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30 Simon and Andrew, with James and John. Now 1 Simon's wife's mother lay sick of a fever; and 31 straightway they tell him of her: and he came and took her by the hand, and raised her up; and the fever left her, and she ministered unto them.

32. Many others healed. At sunset the Sabbath ended and they could carry burdens along the street. We must always remember that the Jewish day began and ended at sunset. Two classes of afflicted persons were healed, the sick and demoniacs (Marg.), corresponding to the two individual cases that morning. 33. This naturally collected a great crowd, all the city. The demons recognized him and wished to testify (Luke 4: 41), but he forbids it (ver. 34), as he had done that morning (ver. 25). His enemies soon began, notwithstanding his care, to accuse him of league with Satan (3:22).

VIII. RETIRING FROM THE EXCITED PEOPLE, HE HEALS ELSEWHERE IN GALILEE, 35-39. Here, as so often afterward, he takes pains to avoid a fanatical excitement among the



And at even, when the sun did set, they brought unto him all that were sick, and them 33 that were 3 possessed with devils. And all the 34 city was gathered together at the door. And he healed many that were sick with divers diseases, and cast out many devils; and he suffered not the devils to speak, because they knew him.

a Matt. 8:16; Luke 4: 40......b ch. 3: 12; Luke 4: 41; see Acts 16: 17, 18......c Luke 4: 42......d Luke 4: 43......e Isa. 61: 1; John 16: 28; 17: 4......f Matt. 4: 23; Luke 4: 44......g Matt. 8: 2; Luke 5: 12.-1 1 Cor. 9: 5......2 ch. 9: 27; Acts 3: 7; 9: 41...... 3 See Matt. 4: 24......4 See Matt. 4: 23......5 ch. 3: 11, 12; comp. Acts 16: 17, 18......6 For ver. 35-38, see Luke 4: 42, 43...... 7 Luke 5: 16; see Matt. 14: 23......8 Comp. John 12: 19......9 Isa. 61: 1......10 Comp. Luke 4: 44......11 ver. 21.....12 For ver. 40-44, see Matt. 8:2-4; Luke 5: 12-14......13 ch. 10: 17; Matt. 17: 14; 27: 29......14 Comp. ch. 9: 22, 23; Matt. 9: 28.


❝ And in the morning, a great while before day. he rose up and went out, and departed into a 36 desert place, and there prayed. And Simon

and they that were with him followed after 37 him; and they found him, and say unto him, 388 All are seeking thee. And he saith unto them,

Let us go elsewhere into the next towns, that I may preach there also; for to this end came 39 I forth. 10 And 11 he went into their synagogues throughout all Galilee, preaching and casting out devils.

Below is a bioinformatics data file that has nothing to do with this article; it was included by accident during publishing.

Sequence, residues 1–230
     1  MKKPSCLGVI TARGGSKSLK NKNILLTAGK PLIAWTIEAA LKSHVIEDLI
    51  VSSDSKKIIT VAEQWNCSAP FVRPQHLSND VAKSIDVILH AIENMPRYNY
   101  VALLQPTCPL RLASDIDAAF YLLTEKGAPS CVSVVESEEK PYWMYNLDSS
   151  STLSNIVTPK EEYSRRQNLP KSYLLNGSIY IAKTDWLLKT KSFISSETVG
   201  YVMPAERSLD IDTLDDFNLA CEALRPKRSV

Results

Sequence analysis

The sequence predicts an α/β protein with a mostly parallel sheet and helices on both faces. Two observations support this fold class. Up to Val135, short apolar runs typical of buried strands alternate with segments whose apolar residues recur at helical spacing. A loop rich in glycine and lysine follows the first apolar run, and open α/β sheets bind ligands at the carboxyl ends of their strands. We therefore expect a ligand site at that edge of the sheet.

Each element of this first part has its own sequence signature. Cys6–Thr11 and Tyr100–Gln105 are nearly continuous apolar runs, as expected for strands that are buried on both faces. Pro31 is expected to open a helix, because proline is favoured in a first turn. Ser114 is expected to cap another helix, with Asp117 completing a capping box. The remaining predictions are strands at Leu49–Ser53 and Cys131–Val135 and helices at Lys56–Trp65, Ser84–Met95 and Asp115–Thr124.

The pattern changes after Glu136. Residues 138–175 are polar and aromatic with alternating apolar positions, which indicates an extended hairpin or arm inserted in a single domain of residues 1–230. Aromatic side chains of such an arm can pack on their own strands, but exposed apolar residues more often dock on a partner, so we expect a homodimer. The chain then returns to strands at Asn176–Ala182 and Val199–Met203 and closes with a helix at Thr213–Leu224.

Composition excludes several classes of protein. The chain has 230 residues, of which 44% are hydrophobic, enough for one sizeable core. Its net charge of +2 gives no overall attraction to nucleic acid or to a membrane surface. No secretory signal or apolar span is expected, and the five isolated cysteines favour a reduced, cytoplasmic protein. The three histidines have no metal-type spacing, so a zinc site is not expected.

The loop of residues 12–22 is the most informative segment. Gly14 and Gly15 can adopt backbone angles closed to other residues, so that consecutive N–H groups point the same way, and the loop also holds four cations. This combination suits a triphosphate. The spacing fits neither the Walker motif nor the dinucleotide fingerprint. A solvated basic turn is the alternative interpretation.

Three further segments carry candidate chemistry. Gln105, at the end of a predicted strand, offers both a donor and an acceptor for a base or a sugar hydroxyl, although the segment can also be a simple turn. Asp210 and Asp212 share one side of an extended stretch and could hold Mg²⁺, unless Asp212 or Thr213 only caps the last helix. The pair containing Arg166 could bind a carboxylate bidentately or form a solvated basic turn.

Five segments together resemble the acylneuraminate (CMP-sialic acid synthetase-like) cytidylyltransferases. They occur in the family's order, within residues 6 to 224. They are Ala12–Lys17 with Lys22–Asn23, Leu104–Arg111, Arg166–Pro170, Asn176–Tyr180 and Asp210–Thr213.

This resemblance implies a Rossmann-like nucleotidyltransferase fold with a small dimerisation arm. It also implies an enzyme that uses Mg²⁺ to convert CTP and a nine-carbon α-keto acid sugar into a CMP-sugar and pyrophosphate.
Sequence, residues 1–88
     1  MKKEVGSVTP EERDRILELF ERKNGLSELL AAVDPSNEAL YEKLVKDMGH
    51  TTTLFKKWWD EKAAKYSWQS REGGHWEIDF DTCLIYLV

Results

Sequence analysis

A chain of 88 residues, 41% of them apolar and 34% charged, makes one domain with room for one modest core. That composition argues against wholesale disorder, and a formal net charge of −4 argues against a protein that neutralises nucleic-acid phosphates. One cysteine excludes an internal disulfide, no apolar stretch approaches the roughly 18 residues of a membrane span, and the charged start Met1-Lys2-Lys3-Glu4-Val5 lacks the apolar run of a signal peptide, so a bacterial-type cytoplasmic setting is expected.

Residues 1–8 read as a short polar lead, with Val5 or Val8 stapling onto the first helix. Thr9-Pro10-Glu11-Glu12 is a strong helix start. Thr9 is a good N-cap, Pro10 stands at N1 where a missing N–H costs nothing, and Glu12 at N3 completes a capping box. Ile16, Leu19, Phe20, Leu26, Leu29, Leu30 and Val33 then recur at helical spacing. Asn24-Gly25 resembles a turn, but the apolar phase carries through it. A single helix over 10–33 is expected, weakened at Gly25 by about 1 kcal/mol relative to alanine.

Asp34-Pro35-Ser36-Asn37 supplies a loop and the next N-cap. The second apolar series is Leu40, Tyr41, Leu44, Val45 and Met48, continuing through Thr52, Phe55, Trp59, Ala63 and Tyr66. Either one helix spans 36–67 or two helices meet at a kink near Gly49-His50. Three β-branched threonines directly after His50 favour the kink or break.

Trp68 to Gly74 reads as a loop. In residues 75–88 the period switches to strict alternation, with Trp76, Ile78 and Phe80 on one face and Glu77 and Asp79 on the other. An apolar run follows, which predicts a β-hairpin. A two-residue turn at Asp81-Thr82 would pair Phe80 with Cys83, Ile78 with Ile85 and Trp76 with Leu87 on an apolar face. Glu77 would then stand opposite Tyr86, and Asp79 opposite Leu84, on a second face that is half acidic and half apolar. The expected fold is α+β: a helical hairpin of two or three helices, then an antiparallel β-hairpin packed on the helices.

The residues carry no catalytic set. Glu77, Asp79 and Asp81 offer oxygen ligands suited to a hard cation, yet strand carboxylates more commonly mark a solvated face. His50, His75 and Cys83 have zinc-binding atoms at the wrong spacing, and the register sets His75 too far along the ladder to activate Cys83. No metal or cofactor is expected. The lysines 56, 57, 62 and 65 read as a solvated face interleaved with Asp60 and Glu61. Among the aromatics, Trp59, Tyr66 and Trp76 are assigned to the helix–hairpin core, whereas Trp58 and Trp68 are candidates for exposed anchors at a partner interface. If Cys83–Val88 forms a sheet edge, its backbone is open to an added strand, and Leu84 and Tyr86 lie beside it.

12 And there cometh to him a leper, beseeching him, and 18 kneeling down to him, and saying unto him, 14 If thou wilt, thou canst make me

multitude. The tendency to this distressed him and made him seek the support of long-continued, solitary prayer, just as he afterward did under similar circumstances (6: 46). 35. A great while before day is more exactly translated (Davidson) while it was still very dark, and thus is not even in appearance contradicted by Luke (4:42), "when it was day." A desert place, secluded and remote from towns (ver. 45). 36. They that were with him. Luke says (4: 42) "the multitudes." It would have been worse than useless to tell them of his wish to escape from their enthusiasm, so he only says he cannot confine his labors to one town as others need him also (ver. 38). 39. Throughout all Galilee, in popular language, not necessarily every acre or every town, but there were hundreds of towns, and this circuit of Galilee-the first of several, apparently-must have involved weeks and months of toilsome journeying and many severe trials to his loving heart. The synagogues gave facilities for reaching many hearers, especially on Sabbath (Saturday), Monday, and Thursday, and at several hours of the day. Casting out devils, demons. Matt. 4: 23-25 has a very strong statement as to this teaching and healing, probably referring to the whole ministry in Galilee. Let our thoughts run out after the Saviour thus journeying. Try to realize how extensive were his labors.

IX. HEALING A LEPER, 40-45. Leprosy was not commonly contagious, if ever, but was

41 And Jesus, moved with compassion, put forth his hand, and touched him, and saith unto him, I will; be thou clean.

42 And as soon as he had spoken, immediately the leprosy departed from him, and he was cleansed.

43 And he straitly charged him, and forthwith sent him away;

44 And saith unto him, See thou say nothing to any man: but go thy way, shew thyself to the priest, and offer for thy cleansing those things which Moses commanded, for a testimony unto them.